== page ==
Culture of human umbilical venous epithelial cells (HUVEC)

Endothelial cells were obtained from human umbilical vein by collagenase (Gibco BRL, Life Technologies) digestion. The separated cells were seeded in 75 ml flasks precoated with 1% gelatin solution and grown in medium 199 (Gibco BRL, Life Technologies) supplemented with 15% heat inactivated fetal calf serum, heparin sulphate, l-glutamine, endothelial cell growth factor (BM) (final concentration, 20 μg/ml), and 100 μg/ml penicillin/streptomycin. All cultures were incubated at 37°C in 5% CO2, and the cells were used between the 2nd and the 6th passage.

IL8 release under various stimuli

HUVEC were seeded on gelatin coated, 96 well microtitre plates (Nunc, Demark) at a concentration of 1×104 cells/well. When the cellular growth became confluent 3–4 days later, each well was washed twice with phosphate buffered saline, and 150 μl serum-free medium (medium 199) was added. Sera (50 μl) from patients at different stages and controls were co-cultured with the cells for 2 hours at 37°C in 5% CO2. The medium and serum were discarded. After washing, the cells were incubated with medium 199 at 37°C in 5% CO2 for a further 24 hours, and the supernatants were then collected. Finally, the concentrations of IL8 of all supernatants were determined by commercial ELISA kits.

Flow cytometry for ICAM-1 expression

HUVEC at a density of 1×105 cells/well were seeded in 1% gelatin coated, 12 well plates with complete medium and incubated at 37°C in 5% CO2 for 3 days. The medium was removed and 800 μl medium 199 was added to each well. Sera from patients with active HSP (200 μl), sera from healthy controls (200 μl), and tumour necrosis factor α (TNFα) (10 ng/ml) were co-incubated for 24 hours. The time chosen has been reported to be optimal for the study of ICAM-1 expression on endothelial cells with other stimuli.6 After incubation, the cells were detached from the plates and washed. The cell suspension was centrifuged, the supernatant was discarded, and the pellet was resuspended. These cells were then stained by adding phycoerythrin conjugated mouse antihuman ICAM-1 (CD54) monoclonal antibody (Serotec, USA) for 1 hour. Isotype matched control mouse IgG was used to eliminate non-specific bindings. The final results were analysed using FACSort (Becton Dickinson, USA).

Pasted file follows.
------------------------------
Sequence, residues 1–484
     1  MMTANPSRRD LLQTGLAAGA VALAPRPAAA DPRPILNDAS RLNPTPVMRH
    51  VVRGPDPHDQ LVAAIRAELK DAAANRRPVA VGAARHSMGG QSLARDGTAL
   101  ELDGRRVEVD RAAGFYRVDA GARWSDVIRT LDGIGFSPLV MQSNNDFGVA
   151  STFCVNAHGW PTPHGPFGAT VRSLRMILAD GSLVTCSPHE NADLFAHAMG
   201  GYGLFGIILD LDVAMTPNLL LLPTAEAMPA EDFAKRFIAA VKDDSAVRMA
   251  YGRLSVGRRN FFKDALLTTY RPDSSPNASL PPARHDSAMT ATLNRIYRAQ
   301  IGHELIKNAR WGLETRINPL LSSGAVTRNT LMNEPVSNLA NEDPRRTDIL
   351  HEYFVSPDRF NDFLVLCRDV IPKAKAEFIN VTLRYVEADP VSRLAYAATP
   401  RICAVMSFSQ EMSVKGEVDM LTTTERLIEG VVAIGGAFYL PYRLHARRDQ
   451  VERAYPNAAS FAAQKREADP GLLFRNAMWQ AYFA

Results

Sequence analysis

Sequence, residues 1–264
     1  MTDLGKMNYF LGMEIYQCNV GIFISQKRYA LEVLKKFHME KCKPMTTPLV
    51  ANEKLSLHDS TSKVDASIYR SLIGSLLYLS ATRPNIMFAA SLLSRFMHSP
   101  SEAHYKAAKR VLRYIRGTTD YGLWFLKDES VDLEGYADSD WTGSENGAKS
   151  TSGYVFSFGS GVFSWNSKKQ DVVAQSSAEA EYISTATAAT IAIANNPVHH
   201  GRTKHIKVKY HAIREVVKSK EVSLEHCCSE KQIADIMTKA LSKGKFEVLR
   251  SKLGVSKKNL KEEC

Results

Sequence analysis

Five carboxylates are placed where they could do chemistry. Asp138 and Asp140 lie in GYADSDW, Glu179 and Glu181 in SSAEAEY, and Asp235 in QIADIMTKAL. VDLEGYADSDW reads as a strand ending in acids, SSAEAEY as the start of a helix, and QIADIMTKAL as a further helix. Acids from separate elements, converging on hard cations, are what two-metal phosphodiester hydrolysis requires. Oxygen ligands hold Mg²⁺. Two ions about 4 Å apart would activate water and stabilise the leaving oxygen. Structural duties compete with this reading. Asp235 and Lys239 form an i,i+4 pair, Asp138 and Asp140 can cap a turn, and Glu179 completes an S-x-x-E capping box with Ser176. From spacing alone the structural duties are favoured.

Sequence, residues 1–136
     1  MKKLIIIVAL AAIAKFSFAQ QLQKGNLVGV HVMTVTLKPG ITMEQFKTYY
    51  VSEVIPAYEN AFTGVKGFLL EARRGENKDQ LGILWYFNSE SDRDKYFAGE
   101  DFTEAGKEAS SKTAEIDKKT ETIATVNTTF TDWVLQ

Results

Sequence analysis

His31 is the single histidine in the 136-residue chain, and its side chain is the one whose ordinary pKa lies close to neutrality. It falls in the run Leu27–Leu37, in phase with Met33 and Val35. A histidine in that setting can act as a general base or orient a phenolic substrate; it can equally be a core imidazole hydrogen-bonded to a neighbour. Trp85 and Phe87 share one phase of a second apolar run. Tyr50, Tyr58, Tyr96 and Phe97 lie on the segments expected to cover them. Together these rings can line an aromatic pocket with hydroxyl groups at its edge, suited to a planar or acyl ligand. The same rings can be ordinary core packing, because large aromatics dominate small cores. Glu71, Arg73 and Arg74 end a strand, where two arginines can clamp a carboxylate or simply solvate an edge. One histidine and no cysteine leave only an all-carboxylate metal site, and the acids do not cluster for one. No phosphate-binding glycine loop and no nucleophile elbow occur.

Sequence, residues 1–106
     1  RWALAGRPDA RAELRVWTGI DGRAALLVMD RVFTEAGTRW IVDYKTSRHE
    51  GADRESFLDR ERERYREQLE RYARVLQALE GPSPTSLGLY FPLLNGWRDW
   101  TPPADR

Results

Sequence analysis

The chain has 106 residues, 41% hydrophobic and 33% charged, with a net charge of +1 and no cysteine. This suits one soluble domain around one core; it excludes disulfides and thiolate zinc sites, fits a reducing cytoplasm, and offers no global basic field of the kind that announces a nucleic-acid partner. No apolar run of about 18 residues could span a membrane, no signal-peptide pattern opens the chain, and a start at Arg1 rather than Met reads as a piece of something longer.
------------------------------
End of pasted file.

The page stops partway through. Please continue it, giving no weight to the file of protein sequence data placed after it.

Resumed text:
Statistical analysis

The values of IL8, and the mean fluorescence intensity of ICAM-1 expression on HUVEC were expressed as mean (SEM). Each two-group comparison was conducted using the Mann-Whitney U test. A two tailed p value <0.05 was considered significant.

RESULTS

Patients’ characteristics and serum levels of IL8

All patients had typical skin purpura, seven of nine patients had abdominal angina and arthritis, and only one patient had glomerulonephritis. The serum levels of IL8 in patients with active HSP were significantly higher than those in normal healthy controls (241.5 (83.3) pg/ml v 5.8 (4) pg/ml, respectively, p = 0.02). During the convalescent stage, the IL8 serum levels of all patients were undetectable.

Patients’ sera induced IL8 release

HUVEC are primary human endothelial cells, which, in vitro, without any stimulation, would spontaneously release IL8 when cultured in serum-free medium (fig 1). The IL8 levels in supernatants of HUVEC incubated with serum-free medium plus sera from children with active HSP were significantly higher than the levels in supernatants of HUVEC in serum-free medium alone (1060.5 (69.3) pg/ml v 854.7 (18.1) pg/ml, p = 0.001), higher than HUVEC incubated with serum-free medium plus sera from patients at the convalescent stage (1060.5 (69.3) pg/ml v 851.6 (21.3) pg/ml, p = 0.004), and higher than HUVEC incubated with serum-free medium and sera from normal healthy controls (1060.5 (69.3) pg/ml v 735.2 (52.4) pg/ml, p = 0.004) (fig 1).

Figure 1

 The supernatant IL8 levels of HUVEC incubated with serum-free medium (medium 199)+sera from children with active HSP, HUVEC incubated with medium 199+sera from patients during the convalescent stage, HUVEC incubated with medium 199+sera from normal healthy controls, and HUVEC cultured in medium 199 alone.

ICAM-1 expression